The chief judge of Jerusalem’s state rabbinical court ruled that men can take a pelegish, concubine, in certain specific circumstances.
Concubines Are Kosher, Rabbi Rules
Shmarya Rosenberg • FailedMesssiah.com
Israel HaYom reports that the chief judge of Jerusalem’s state rabbinical court ruled that men can take a pelegish, concubine, in certain specific circumstances.
Rabbi Eliyahu Abergel ruled that when a man and his wife have not had children and his wife “refuses to, or cannot, bring children into the world, and refuses to grant her husband a divorce,” he can take a concubine, and that concubine can even live in the same home as the couple.
In Jewish law, a concubine – roughly equivalent to a mistress – is a woman who agrees to have sex with a man. They can have any arrangement between them they choose, but no divorce is required if the couple separate and the woman has no ketuba – meaning she has no financial or other protection if the relationship breaks up.
Concubines fell out of favor and became essentially illegal under Jewish law, halakha, for Ashkenazim more than 1000 years ago. Sefardim mothballed the practice later.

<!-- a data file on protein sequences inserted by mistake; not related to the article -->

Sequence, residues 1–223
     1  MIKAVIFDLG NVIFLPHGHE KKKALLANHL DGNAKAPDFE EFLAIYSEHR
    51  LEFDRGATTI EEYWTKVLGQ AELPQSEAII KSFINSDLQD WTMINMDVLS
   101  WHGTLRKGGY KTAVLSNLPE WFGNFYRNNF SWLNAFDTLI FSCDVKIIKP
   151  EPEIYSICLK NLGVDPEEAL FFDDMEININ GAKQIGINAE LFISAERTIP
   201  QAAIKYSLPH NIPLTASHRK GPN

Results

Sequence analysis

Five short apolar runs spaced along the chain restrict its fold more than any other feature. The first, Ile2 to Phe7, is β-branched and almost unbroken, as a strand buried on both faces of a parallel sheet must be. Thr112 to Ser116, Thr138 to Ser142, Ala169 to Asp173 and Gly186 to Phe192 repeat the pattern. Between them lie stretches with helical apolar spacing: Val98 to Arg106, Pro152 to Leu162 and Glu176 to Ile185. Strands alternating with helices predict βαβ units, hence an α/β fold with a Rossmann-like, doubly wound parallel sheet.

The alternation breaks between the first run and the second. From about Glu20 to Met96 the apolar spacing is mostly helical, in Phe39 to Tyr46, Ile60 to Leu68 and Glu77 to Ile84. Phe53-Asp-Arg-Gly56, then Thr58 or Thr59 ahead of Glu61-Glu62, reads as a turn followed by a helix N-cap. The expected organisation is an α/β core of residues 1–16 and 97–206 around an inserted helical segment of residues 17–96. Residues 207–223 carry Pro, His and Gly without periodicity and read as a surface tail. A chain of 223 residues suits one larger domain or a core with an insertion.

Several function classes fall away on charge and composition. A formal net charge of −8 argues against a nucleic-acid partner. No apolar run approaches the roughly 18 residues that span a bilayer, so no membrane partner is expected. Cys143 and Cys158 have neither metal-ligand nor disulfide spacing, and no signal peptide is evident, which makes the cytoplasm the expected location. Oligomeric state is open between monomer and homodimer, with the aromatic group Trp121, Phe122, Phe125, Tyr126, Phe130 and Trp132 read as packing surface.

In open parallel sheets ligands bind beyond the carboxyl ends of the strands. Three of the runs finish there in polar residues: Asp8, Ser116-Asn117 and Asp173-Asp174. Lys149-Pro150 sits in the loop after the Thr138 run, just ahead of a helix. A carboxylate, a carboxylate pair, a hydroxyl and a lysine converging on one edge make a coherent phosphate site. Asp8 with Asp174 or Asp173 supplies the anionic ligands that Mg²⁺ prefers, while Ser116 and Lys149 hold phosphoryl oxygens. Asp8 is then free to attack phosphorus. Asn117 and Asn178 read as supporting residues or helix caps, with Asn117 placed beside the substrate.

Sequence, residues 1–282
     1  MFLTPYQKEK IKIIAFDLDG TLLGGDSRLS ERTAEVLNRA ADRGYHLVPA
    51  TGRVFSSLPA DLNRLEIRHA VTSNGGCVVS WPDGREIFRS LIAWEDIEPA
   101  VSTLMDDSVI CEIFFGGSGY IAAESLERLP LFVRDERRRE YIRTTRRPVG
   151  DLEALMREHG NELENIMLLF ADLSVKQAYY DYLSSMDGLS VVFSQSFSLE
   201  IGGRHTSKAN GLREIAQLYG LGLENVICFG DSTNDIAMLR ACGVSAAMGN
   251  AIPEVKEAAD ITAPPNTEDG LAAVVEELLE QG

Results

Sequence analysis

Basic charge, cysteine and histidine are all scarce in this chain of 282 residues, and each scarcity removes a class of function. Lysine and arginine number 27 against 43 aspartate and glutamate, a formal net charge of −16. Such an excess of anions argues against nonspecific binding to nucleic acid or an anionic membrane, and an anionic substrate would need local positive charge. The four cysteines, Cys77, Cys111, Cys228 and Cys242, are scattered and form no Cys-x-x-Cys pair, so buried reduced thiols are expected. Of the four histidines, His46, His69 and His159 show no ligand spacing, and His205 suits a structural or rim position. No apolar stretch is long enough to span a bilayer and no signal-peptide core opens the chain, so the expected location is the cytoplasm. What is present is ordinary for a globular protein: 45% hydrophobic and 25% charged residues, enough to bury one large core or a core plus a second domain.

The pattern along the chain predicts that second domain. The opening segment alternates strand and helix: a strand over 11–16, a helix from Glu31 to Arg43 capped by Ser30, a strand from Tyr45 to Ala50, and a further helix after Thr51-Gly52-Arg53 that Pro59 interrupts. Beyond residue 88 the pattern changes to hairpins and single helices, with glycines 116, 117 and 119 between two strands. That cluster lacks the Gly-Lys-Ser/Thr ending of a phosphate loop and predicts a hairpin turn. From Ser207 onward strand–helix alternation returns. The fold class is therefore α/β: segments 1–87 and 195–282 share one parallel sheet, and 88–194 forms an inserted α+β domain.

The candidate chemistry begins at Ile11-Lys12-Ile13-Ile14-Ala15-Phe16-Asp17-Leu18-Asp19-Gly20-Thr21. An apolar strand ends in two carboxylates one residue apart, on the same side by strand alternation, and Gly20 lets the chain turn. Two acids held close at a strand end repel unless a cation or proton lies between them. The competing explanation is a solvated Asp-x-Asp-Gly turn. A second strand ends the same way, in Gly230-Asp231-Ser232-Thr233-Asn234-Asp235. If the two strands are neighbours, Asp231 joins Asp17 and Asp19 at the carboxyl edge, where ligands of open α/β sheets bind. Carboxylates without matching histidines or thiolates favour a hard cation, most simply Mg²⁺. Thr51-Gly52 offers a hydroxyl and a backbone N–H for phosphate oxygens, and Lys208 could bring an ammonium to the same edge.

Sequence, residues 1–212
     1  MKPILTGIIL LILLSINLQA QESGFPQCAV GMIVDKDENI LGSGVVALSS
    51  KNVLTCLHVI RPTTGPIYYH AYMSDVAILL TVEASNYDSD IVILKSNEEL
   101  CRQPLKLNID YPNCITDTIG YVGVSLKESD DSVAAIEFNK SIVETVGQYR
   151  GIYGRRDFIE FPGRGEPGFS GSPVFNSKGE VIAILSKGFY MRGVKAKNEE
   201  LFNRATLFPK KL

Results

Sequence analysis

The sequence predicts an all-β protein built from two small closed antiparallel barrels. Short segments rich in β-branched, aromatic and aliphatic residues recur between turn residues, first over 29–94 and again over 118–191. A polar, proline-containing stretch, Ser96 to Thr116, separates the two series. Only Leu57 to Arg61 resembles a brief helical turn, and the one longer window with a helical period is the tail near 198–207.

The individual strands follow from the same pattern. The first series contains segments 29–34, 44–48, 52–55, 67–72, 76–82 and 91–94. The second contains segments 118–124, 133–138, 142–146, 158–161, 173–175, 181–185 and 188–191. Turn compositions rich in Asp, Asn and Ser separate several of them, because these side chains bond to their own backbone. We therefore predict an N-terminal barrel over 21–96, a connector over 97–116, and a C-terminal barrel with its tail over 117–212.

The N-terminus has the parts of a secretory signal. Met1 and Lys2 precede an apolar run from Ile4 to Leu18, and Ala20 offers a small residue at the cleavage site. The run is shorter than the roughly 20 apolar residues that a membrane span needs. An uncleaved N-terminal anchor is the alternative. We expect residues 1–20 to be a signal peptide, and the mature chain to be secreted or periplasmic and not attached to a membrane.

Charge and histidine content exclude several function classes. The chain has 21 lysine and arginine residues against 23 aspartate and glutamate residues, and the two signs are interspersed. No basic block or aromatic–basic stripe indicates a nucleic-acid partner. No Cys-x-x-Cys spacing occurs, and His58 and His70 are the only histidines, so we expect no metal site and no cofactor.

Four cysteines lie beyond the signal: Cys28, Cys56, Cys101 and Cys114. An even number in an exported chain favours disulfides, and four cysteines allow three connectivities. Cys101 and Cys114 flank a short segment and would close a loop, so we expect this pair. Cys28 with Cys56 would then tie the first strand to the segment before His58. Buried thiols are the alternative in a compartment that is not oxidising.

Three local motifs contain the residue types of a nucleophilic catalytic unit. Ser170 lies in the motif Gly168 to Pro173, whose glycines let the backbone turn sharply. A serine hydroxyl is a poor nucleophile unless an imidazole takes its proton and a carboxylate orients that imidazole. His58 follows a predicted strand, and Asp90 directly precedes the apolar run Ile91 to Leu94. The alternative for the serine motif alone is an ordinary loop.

In D’varot Eliyahu, Abergel’s new book, he reportedly writes, "establishing a family is an important commandment. A woman who refuses to, or cannot, bring children into the world, and refuses to grant her husband a divorce, is preventing him from building a family and spreading his seed. In such a situation, the husband is permitted to take a concubine and there is no constraint under halachah [Jewish law]. This ruling will enable husbands to fulfill the commandment of procreation, even if it means taking a regular mistress. The concubine may also live with the couple."
Abergel reportedly also writes that he allowed a leading rosh yeshiva in Jerusalem to take a concubine when it became clear that his wife could not have children.
Abergel, who is Sefardi haredi, is an important halakhic authority who has published dozens of books containing thousands of legal rulings. He was even considered to be a serious candidate for the position of Sephardi chief rabbi of Israel.